The Fair Sentencing Act of 2010 reduced that disparity and eliminated a five-year mandatory minimum for first-time possession of crack, but the law did not cover offenders sentenced before the law was approved. Officials are now turning their attention to identifying inmates who received sentences under the old guidelines.

    In December President Barack Obama, who granted only one commutation in his first term, cut short the sentences of eight prisoners — including six serving life sentences — who he said had been locked up too long for drug crimes.

    The administration says it’s impossible to know exactly how many new applicants will be eligible. Mauer, of the Sentencing Project, said he didn’t expect a huge number of inmates to qualify for clemency given the narrowness of the criteria, but he said the effort was significant nonetheless.

    The announcement could shift attention to Congress, where legislation is pending that would cut the length of many nonviolent drug sentences and give judges more discretion by expanding a safety-valve provision already on the books that allows a limited number of nonviolent drug offenders to avoid mandatory sentences.

    “It seems the Justice Department is doing what it can to help stem the tide of people going to prison in record numbers for absurd lengths of time,” said Stewart, of Families Against Mandatory Minimums. “It really is up to Congress to take the next step and change the number of mandatory sentencing laws.”

    Thoughts?
    Originally posted by RSGSRT
    We've reached a point where natural selection doesn't have a chance in hell of keeping up with the procreation of imbeciles.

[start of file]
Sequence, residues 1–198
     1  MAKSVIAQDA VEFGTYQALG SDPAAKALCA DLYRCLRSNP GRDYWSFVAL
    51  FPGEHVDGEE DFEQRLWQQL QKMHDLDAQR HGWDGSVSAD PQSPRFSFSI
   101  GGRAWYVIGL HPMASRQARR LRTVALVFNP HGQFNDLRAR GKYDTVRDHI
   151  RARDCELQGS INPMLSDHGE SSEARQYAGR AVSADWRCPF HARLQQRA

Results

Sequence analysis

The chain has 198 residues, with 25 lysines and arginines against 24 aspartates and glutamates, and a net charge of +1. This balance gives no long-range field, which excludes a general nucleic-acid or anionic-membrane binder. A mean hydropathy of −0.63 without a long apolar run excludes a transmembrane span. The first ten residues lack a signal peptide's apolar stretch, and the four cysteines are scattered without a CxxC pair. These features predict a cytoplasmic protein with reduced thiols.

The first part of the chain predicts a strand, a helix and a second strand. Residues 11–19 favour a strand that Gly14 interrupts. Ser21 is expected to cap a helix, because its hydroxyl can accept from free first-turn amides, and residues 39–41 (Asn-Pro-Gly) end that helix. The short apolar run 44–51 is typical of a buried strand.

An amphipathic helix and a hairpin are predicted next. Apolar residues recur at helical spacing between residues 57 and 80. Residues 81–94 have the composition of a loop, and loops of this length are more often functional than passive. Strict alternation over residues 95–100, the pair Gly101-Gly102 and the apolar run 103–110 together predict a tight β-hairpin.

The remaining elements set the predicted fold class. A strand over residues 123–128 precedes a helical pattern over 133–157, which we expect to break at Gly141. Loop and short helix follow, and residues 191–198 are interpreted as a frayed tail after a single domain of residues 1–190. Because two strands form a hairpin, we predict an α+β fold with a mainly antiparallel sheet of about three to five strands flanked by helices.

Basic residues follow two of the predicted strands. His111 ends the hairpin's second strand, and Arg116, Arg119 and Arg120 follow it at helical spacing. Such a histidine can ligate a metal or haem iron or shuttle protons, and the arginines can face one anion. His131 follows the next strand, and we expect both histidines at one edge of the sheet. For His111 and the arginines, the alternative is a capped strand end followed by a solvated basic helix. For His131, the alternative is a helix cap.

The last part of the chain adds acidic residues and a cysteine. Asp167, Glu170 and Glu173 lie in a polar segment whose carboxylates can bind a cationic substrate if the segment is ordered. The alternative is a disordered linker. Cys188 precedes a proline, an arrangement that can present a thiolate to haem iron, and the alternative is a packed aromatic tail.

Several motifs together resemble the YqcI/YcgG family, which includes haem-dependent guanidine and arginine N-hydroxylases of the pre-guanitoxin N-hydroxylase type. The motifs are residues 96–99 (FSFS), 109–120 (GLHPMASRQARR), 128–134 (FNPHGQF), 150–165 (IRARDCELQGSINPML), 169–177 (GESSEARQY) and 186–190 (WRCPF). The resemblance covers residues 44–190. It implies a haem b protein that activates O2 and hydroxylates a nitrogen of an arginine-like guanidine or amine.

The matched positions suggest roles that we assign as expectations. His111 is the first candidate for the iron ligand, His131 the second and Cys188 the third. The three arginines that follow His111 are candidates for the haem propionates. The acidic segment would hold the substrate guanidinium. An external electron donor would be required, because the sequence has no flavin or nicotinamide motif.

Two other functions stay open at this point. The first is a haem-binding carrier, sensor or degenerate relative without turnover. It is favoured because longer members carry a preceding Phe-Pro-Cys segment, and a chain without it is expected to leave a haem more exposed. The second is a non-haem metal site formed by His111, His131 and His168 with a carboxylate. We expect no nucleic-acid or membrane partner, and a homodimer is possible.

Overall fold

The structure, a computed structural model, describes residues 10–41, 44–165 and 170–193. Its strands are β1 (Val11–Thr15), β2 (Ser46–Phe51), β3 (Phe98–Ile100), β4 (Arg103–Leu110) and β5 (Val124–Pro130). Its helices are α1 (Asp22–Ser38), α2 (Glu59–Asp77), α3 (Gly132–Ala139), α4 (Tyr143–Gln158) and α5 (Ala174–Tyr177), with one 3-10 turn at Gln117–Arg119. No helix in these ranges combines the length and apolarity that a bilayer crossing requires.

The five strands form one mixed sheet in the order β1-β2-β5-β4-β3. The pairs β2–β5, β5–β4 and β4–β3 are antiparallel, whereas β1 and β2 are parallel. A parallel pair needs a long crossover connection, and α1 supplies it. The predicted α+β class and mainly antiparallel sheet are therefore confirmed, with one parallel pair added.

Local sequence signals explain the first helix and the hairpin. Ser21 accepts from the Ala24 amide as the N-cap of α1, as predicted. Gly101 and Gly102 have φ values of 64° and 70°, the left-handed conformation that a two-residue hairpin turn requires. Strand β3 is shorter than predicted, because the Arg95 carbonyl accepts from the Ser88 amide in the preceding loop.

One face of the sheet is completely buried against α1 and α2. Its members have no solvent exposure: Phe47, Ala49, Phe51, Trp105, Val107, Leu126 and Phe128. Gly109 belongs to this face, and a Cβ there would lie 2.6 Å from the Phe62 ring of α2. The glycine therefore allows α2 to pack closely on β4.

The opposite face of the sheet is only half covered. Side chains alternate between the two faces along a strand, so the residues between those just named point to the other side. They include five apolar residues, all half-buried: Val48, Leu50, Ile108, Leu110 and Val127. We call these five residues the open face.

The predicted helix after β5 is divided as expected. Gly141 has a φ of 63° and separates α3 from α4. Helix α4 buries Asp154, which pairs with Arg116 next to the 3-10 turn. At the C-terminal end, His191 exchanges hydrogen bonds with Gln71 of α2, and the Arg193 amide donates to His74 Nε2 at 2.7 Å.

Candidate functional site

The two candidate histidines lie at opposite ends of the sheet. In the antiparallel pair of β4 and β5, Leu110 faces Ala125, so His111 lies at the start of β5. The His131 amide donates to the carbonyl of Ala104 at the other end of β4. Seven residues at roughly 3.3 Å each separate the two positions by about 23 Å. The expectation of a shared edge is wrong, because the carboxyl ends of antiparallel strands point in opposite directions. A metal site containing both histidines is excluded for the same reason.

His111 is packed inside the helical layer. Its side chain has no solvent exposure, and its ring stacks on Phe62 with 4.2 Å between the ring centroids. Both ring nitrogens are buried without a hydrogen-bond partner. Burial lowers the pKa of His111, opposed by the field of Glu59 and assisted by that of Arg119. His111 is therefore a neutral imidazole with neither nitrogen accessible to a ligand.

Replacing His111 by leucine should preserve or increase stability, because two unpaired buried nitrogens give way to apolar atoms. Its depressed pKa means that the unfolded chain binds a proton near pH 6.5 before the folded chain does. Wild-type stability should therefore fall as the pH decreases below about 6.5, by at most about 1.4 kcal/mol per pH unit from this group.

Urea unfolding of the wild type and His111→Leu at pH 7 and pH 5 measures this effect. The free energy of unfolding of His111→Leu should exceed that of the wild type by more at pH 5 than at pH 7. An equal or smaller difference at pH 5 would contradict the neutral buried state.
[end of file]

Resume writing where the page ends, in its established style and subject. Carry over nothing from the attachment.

Why is it acceptable for you to be an idiot, but not acceptable for me to point it out?

  • #2
    times are changing, people attitudes are different. Depending on the crime simple pot possession and stuff like that. I don't care. I would rather see people rot in jail for identity theft, wire fraud, check fraud more then having a baggy of pot.

    Comment


    • #3
      Drug policy is going to see some major changes over the next 20 years. Free people should be able to ingest whatever toxic substance they choose. However, with the government now involving itself with health insurance, I think drug users (including cigarettes and alcohol) should be required to purchase additional riders on top of their medical insurance policies. Market competition would drive out the true calculated risk of various substances, and prices would adjust in accordance with these actual risk levels (pot insurance would be cheap, heroin insurance would be expensive). As long as someone can avoid forcing other taxpayers to help shoulder the risk that they choose to expose themselves to, I have no problem with them doing whatever they want.

      It is a medical problem, and LE\corrections will never be able to solve it (exhibit A: US drug policy history).

      Comment


      • #4
        Originally posted by Aerohead View Post
        Though the criteria apply solely to federal inmates,

        Yea remember that ^^^^^^^




        Originally posted by Carbonfiberfoot View Post
        \corrections will never be able to solve it (exhibit A: US drug policy history).
        Corrections doesn't "solve" anything. They merely house what the Courts send to them.
        Since some people need to be told by notes in crayon .......Don't PM me with without prior permission. If you can't discuss the situation in the open forum ----it must not be that important

        My new word for the day is FOCUS, when someone irritates you tell them to FOCUS

        Comment


        • #5
          The Feds could just.. let them go.

          Comment


          • #6
            Originally posted by Chomp View Post
            The Feds could just.. let them go.
            California did....................
            Since some people need to be told by notes in crayon .......Don't PM me with without prior permission. If you can't discuss the situation in the open forum ----it must not be that important

            My new word for the day is FOCUS, when someone irritates you tell them to FOCUS

            Comment


            • #7
              Originally posted by Carbonfiberfoot View Post